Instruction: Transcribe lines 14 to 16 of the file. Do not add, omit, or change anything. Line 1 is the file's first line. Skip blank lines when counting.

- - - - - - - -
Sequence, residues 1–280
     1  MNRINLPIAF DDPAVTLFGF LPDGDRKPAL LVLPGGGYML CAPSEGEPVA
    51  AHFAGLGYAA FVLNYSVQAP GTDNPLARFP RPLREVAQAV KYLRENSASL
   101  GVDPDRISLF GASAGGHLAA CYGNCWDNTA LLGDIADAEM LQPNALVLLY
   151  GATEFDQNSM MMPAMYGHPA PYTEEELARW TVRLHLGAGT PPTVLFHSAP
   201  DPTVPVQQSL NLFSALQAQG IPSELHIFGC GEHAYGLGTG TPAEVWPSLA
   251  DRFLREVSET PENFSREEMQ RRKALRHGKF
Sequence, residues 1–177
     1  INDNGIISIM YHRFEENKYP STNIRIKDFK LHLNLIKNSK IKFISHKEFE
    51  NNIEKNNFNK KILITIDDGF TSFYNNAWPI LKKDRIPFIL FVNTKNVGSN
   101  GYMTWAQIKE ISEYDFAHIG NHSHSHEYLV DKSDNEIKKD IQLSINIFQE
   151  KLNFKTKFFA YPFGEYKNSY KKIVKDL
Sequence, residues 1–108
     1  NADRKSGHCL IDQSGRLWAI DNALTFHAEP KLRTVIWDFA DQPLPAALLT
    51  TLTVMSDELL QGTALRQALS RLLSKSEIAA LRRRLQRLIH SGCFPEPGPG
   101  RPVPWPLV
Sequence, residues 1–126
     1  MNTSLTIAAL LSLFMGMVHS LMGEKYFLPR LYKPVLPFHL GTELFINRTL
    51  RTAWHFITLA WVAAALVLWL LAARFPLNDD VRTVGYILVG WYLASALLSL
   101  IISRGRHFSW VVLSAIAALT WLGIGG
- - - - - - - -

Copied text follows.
     1  NADRKSGHCL IDQSGRLWAI DNALTFHAEP KLRTVIWDFA DQPLPAALLT
    51  TLTVMSDELL QGTALRQALS RLLSKSEIAA LRRRLQRLIH SGCFPEPGPG
   101  RPVPWPLV